Wineries Aren't Dried Up

November 07, 1990

County wineries have been spared a federal tax increase that some winery owners said could have put them out of business.

"I'm quite pleased with how it came out," said Anthony Aellen, president of Linganore Winecellars in Mount Airy.

The new federal budget does not include an increase in an occupational tax paid by wineries, distillers, brewers, wholesalers and importers, said John Volpe, executive director of the National Wine Coalition in Washington.

Wineries currently pay $500 a year if their gross receipts are less than $500,000. They pay $1,000 if receipts are more than $500,000.

President Bush had proposed raising the tax to $20,000 a year.

Aellen and G. Hamilton Mowbray, owner of Montbray Wine Cellars Limited of Westminster, said the increase could have forced them to close.

Aellen and other winery owners across the state started a grass-roots campaign last summer to try to defeat the increase.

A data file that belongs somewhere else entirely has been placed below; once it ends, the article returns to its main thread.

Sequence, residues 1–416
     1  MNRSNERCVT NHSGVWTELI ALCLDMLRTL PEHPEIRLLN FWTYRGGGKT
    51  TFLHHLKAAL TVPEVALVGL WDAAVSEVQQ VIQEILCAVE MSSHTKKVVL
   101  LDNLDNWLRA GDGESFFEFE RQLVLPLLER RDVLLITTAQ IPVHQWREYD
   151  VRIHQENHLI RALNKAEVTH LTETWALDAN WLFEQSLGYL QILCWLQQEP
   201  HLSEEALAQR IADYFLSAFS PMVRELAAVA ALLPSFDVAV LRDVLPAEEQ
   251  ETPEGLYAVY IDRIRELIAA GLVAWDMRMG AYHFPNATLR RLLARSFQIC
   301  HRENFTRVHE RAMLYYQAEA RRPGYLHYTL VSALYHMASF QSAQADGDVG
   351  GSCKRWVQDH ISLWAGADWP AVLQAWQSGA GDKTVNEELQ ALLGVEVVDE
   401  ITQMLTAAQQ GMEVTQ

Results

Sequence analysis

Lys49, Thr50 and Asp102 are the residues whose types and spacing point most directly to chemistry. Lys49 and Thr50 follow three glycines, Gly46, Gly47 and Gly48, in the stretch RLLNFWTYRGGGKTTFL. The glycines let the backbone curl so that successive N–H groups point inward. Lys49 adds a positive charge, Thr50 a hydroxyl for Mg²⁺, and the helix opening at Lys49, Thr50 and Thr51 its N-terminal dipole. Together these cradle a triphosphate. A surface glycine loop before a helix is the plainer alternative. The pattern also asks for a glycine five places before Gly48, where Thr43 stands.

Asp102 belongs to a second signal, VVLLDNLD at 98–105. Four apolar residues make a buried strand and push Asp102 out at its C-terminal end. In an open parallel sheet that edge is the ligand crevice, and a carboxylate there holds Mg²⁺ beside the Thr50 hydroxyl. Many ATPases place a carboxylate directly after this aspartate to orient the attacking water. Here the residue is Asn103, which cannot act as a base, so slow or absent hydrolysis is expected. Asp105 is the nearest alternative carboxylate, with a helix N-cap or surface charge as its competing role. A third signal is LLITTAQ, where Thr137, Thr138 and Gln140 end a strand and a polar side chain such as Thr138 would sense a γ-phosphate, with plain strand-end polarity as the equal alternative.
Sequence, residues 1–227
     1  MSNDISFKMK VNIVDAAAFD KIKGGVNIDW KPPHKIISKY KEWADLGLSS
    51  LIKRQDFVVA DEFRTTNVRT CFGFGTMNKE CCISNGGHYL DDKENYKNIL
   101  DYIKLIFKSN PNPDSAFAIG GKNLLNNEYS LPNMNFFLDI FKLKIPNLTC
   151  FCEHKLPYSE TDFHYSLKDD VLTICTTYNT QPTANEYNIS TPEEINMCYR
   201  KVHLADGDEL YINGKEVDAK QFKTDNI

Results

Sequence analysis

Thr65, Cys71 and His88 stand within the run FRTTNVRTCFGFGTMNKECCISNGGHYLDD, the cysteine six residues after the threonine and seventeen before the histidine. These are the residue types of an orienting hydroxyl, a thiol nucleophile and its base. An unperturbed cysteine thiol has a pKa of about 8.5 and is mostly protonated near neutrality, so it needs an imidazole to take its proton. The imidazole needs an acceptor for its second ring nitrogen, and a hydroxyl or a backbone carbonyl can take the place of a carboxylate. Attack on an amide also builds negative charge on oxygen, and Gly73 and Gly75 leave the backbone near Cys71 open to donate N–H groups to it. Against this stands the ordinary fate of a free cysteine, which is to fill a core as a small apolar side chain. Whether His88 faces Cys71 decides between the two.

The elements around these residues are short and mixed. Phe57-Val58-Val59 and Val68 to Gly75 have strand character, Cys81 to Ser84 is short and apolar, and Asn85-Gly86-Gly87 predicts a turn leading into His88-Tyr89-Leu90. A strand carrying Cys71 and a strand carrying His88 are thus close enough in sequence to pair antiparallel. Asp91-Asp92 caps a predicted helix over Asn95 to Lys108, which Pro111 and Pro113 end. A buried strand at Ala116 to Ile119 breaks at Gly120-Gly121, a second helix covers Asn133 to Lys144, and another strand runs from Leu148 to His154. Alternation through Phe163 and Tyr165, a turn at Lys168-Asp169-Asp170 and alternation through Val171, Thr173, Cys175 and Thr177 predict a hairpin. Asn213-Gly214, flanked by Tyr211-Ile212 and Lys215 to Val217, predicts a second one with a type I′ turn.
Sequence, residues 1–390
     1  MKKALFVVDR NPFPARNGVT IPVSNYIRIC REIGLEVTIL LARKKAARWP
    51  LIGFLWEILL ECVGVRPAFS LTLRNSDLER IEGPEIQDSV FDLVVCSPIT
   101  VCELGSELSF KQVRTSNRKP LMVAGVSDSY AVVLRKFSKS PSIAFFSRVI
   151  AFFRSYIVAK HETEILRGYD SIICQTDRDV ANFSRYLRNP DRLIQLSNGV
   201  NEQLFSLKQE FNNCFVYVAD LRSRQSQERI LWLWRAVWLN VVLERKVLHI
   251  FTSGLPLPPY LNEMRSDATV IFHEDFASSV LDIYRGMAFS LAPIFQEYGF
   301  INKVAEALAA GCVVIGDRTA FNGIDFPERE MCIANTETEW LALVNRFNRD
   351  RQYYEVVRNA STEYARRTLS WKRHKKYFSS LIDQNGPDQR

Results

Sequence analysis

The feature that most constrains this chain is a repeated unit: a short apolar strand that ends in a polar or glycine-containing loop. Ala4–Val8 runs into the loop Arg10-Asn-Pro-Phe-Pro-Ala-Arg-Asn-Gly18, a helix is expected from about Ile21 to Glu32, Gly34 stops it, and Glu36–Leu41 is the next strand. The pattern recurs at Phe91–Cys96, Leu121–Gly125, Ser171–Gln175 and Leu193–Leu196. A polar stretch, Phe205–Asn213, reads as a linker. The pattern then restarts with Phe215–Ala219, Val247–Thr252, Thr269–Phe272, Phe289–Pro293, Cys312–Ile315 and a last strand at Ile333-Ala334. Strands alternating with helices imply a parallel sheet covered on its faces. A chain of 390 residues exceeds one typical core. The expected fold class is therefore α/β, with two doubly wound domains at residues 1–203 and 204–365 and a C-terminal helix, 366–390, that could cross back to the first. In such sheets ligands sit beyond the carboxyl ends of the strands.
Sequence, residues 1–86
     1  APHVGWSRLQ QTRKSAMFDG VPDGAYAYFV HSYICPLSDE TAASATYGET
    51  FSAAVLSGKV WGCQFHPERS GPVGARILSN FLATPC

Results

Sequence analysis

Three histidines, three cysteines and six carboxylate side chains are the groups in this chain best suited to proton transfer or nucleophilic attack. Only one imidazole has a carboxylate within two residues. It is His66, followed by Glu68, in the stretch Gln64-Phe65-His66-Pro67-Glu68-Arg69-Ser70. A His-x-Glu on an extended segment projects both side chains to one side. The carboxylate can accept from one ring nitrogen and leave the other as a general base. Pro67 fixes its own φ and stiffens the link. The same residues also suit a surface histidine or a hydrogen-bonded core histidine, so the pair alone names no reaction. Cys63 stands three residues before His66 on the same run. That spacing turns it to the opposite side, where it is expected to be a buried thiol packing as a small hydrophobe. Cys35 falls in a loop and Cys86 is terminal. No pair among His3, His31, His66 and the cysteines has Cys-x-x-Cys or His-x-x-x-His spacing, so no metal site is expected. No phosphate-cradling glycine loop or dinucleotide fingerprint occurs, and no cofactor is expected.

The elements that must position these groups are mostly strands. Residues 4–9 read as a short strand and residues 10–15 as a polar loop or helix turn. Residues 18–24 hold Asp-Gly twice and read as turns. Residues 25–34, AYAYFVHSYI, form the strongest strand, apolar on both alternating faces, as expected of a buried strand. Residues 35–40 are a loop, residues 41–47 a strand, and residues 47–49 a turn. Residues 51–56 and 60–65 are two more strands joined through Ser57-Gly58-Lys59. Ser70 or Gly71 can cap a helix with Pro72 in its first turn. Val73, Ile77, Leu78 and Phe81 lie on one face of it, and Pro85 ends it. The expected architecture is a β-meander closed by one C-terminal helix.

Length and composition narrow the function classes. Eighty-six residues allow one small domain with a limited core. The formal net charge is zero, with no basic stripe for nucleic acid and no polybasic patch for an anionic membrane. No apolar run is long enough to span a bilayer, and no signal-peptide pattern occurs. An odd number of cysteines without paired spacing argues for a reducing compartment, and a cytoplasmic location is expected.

"I don't think the wineries had that much pull. I think it was the support from people writing in" that helped, he said.

Aellen wrote letters to Bush and congressional leaders accompanied by petitions.

Wineries weren't spared all tax increases, however.

Congress approved an increase in the excise tax on wine and beer, but small producers, such as the four wineries in Carroll, will be exempt from the increase, Volpe said.

Wineries currently pay 3 cents per bottle in federal excise taxes.

Congress raised the rate to 22 cents per bottle.

Companies that produce less than 250,000 gallons a year received exceptions to the increase, Volpe said.

Aellen's winery produces about 10,000 gallons a year.

But the exception for small wineries may not stand up to a court challenge, Volpe said. Any advantages given to domestic producers also must be given to foreign producers, he said.

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